It works the same with any central bank that wants to buy an asset. At the end of the day, the bank owns the asset, and the former owner of the asset now holds the cash. This cash is the debt of the central bank. It is on the bank’s balance sheet as a liability. The bank owes it.
This is vitally important to understand, and it can be quite counterintuitive. If one thinks of the franc (or dollar, euro, etc.) as money, and if one thinks that the central banks print money, then one will come to precisely the wrong conclusion: that there is nothing owed, and indeed there is no debtor. In this view, the holder of francs has cash, which is a current asset. End of story.
This conclusion could not be more wrong.
Certainly, the idea of the central bank repaying its debt is absurd. By law, payment is deemed made when the debtor pays in currency—i.e. francs in Switzerland. However, the franc is the very liability of the SNB that we’re discussing. How can the SNB pay off its franc liabilities using its own franc liabilities as means of payment?
It can’t. This is a contradiction in terms. Thus it’s critical to understand that there is no extinguisher of debt in the regime of irredeemable paper currency. You may get yourself out of the debt loop by paying in currency, but that merely shifts the debt. The debt does not go out of existence, because paying a debt with an IOU cannot extinguish it. Unlike you, the central bank cannot get itself out of debt.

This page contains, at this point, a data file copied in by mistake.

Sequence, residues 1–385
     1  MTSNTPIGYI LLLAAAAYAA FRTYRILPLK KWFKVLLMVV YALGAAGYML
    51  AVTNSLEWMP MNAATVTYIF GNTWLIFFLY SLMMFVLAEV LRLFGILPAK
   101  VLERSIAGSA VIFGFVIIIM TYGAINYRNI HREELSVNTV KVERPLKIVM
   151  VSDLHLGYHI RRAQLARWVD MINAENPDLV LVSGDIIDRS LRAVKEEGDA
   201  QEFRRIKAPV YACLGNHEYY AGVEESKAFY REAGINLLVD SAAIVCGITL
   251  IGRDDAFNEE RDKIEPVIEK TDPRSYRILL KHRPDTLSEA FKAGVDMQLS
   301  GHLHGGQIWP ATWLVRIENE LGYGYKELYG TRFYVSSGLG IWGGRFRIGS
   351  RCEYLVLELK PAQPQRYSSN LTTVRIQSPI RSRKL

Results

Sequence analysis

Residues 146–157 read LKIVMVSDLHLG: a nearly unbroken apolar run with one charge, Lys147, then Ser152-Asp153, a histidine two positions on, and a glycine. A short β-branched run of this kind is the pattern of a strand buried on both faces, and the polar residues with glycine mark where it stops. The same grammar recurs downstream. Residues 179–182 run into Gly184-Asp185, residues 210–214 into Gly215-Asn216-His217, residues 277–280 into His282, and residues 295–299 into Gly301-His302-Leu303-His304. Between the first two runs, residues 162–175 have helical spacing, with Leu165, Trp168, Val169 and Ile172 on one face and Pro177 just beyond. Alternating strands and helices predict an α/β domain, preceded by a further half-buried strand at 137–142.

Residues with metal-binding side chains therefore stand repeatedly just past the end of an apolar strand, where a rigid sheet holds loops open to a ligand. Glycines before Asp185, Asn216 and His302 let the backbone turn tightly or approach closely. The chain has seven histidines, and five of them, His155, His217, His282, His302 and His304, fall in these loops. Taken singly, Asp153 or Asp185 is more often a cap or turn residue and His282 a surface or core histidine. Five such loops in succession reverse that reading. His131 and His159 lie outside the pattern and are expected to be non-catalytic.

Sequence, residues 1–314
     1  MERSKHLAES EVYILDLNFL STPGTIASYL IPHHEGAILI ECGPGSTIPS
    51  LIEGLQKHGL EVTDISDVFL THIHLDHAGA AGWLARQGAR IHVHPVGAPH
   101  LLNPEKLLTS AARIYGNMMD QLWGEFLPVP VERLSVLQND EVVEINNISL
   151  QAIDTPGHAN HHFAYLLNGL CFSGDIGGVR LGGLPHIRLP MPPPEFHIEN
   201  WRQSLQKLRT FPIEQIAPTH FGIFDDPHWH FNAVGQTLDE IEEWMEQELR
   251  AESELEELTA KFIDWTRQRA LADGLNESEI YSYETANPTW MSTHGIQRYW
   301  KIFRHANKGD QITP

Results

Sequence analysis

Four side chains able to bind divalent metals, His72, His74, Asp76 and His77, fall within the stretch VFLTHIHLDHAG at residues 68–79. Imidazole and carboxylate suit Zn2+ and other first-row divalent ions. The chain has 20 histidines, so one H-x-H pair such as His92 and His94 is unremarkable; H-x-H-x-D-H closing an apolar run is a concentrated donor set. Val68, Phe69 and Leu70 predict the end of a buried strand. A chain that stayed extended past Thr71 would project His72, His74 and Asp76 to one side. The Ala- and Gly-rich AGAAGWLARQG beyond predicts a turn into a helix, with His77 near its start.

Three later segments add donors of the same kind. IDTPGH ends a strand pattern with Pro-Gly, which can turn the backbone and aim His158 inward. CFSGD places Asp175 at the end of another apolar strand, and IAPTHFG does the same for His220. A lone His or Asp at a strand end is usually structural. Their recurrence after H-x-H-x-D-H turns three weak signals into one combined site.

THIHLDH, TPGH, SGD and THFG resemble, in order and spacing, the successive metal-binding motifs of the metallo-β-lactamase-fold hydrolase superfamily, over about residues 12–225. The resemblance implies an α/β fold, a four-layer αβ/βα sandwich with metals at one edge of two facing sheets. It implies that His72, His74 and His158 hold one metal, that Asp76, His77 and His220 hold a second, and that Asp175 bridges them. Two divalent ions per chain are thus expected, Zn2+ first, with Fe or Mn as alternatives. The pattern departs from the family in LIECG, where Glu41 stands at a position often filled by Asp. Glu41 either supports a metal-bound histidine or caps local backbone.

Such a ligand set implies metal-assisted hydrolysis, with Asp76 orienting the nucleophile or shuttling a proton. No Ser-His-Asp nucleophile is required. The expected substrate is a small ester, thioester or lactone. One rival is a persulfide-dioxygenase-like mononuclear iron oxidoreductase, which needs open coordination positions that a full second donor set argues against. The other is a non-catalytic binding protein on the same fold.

However, it can service its debt. For example, the Federal Reserve in the U.S. pays interest on reserves. Indeed, the bank must service its debts. It would be a calamity if a payment is missed, if the central bank ever defaulted.
The central bank must also maintain its liabilities, which is what it uses to fund its assets. If the commercial banks withdraw their deposits—and they do generally have a choice—the central bank would be forced to sell its assets. That would be contrary to its policy intent, not to mention quite a shock to brittle economies.
Make no mistake, a central bank can go bankrupt. This may seem tricky to understand, as the law makes its liability legal tender for all debts public and private. A central bank is also allowed to commit acts of accounting (and leverage) that would not be tolerated in a private company. Regardless, it can present misleading financial statements, but even if the law lets it get away with that, reality will have its revenge in the end. The emperor may claim to be wearing magnificent royal robes, but he’s still naked.